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John Griswold Statement

Statement by John Griswold, Griswold Conservation Associates, LLC

As the Architectural Materials Conservator to the team, both in the design and construction phases, it has been extremely gratifying to watch the project develop. From the initial scientific investigations that led to a new theory of how to preserve the delicate exterior finishes, to the final removal of the scaffolding to show the re-invigorated Gamble House, the team effort has been illuminated by an ever sharpening vision of the past, as well as the future. Our goal was to treat the house as an art conservator would approach the delicate restoration and conservation of a museum artifact. This was achieved, thanks to everyone’s acceptance of a unique creative approach. Such openness between all team members led to innovative re-interpretation of rigid construction attitudes and protocols. This entailed a steep learning curve, extending in multiple directions between the contractor, owner, historic preservation architects and conservator. Most of all, our success depended on the highly informed trust given all of us by the owner.

Possibly my most satisfying contribution was to help the artisans working for key subcontractors realize the value and significance of their work, often translating the scientific data gleaned from microscopic examinations and tests to explain the reasons behind the specified procedures. Such a fundamental understanding allowed for creative expression and problem solving by all team members as actual conditions were uncovered. I remember standing on the roof, sketching diagrams on scraps of cardboard, showing typical tree growth rings and grain patterns seen on milled timbers, and talking to the workers about making a realistic “portrait” of the missing, rotted-out sections of the rafter tails and beam ends. We had a full complement of recycled dental tools at our disposal for sculpting the grain profile of the weathered wood in the patching material. After almost 300 damaged rafter tails were restored without replacing any original wood, they truly were masters at interpreting the remaining evidence of deteriorated wood and bringing it back to life.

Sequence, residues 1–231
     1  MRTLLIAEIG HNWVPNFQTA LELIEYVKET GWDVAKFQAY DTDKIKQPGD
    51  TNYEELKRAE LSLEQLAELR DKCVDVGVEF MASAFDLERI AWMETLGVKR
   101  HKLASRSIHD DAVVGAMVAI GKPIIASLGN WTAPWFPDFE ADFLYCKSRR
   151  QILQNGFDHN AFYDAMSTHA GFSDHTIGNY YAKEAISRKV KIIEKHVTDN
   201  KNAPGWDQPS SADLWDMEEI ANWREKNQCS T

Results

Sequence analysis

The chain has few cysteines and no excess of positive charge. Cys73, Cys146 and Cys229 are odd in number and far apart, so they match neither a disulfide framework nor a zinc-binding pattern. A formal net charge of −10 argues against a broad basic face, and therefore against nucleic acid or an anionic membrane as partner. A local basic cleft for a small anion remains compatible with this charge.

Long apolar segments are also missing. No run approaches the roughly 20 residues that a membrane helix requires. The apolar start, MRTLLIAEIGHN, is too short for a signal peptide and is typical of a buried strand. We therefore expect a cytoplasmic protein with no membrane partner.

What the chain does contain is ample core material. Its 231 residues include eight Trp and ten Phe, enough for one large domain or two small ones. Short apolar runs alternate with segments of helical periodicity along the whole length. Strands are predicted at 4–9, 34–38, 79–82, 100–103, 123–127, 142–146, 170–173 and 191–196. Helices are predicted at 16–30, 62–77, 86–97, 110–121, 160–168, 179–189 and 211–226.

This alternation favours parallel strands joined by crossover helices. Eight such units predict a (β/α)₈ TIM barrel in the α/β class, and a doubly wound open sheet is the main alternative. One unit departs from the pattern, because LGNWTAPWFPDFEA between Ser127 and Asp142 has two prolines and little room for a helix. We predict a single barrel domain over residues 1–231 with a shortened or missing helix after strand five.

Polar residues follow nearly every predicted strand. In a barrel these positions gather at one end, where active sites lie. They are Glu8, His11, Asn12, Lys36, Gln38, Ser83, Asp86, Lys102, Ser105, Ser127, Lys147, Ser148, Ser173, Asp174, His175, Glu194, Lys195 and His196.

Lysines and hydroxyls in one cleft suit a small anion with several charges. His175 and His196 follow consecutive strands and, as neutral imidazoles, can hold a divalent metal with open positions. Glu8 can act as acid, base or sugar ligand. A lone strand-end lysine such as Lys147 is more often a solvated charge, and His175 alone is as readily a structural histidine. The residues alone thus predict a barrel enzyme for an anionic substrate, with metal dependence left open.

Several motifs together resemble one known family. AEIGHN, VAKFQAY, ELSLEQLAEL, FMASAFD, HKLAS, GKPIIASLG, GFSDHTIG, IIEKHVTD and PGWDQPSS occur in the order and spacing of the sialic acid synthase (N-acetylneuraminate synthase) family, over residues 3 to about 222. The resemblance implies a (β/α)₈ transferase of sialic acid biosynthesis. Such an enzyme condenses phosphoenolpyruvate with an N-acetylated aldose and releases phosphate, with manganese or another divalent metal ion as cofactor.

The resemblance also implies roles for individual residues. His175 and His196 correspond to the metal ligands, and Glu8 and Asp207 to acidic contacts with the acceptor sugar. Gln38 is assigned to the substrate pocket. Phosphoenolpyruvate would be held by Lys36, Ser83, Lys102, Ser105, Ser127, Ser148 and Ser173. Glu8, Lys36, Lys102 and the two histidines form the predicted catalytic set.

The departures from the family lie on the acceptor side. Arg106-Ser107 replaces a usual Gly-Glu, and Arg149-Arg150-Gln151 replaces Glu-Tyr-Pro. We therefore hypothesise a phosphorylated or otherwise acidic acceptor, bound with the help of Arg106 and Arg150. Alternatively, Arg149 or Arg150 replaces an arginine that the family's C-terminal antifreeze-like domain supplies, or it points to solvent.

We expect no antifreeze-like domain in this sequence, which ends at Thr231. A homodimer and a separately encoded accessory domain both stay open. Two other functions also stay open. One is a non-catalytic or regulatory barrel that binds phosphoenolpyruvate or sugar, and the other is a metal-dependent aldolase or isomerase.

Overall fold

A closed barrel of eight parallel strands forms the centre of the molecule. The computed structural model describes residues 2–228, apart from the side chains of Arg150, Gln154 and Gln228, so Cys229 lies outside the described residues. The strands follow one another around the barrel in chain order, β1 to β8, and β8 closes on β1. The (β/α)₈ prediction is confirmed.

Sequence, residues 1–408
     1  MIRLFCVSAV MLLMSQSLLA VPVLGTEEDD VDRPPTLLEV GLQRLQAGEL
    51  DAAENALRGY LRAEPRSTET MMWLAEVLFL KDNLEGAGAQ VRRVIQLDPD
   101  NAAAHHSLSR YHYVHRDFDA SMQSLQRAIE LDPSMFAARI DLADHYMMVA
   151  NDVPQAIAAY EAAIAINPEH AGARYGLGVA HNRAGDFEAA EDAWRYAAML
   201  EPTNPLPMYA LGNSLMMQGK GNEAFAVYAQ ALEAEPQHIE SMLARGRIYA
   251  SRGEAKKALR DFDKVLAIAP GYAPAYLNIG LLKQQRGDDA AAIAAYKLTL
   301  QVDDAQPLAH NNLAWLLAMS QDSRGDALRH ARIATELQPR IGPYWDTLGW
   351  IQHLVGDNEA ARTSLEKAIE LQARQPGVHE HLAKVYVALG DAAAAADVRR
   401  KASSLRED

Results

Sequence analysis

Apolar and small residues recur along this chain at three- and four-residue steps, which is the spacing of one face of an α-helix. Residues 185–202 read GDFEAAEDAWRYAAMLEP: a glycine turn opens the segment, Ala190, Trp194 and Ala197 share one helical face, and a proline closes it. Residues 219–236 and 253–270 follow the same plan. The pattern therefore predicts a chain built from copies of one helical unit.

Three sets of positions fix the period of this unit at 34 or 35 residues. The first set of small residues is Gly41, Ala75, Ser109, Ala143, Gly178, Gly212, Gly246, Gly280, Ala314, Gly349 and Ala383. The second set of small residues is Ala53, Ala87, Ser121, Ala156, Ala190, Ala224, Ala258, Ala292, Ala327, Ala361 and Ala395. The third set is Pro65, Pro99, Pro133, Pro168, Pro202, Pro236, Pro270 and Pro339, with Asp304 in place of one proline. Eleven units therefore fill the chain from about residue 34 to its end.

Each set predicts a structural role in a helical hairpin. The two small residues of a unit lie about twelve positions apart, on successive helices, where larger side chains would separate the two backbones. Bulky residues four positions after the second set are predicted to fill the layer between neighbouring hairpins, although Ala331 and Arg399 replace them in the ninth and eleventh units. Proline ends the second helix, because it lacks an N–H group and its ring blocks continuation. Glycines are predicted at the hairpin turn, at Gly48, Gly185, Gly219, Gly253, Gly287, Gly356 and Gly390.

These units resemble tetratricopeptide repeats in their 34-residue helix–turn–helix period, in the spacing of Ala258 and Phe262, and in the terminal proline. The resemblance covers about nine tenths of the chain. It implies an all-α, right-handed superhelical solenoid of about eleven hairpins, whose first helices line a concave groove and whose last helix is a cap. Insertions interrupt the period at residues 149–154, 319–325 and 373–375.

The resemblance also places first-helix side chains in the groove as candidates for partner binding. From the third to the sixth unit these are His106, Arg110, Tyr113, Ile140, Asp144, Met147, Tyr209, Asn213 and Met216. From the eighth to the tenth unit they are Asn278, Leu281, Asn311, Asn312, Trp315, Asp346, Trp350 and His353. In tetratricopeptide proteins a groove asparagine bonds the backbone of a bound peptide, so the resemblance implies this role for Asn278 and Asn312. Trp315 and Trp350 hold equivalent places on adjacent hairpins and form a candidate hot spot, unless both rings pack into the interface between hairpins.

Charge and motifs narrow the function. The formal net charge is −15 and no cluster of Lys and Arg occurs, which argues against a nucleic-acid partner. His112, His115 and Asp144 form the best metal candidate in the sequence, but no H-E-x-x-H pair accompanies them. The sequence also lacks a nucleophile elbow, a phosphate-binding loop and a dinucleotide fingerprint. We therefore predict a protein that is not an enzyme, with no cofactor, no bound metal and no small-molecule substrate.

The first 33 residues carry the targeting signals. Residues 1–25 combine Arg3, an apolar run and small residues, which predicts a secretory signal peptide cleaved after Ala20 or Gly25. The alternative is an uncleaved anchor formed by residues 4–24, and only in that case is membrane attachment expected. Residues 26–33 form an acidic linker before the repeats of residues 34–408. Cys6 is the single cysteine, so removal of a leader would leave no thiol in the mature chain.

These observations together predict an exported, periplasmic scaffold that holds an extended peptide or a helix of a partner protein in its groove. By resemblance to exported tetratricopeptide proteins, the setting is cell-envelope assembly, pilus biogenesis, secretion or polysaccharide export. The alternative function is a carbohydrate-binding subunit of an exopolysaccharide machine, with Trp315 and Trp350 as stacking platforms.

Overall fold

I hope this project can serve as one of the success stories that will inform future efforts to preserve our nation’s architectural heritage, particularly those rare structures that preserve original evidence of the delicate and ephemeral touch of the artists involved with their creation.

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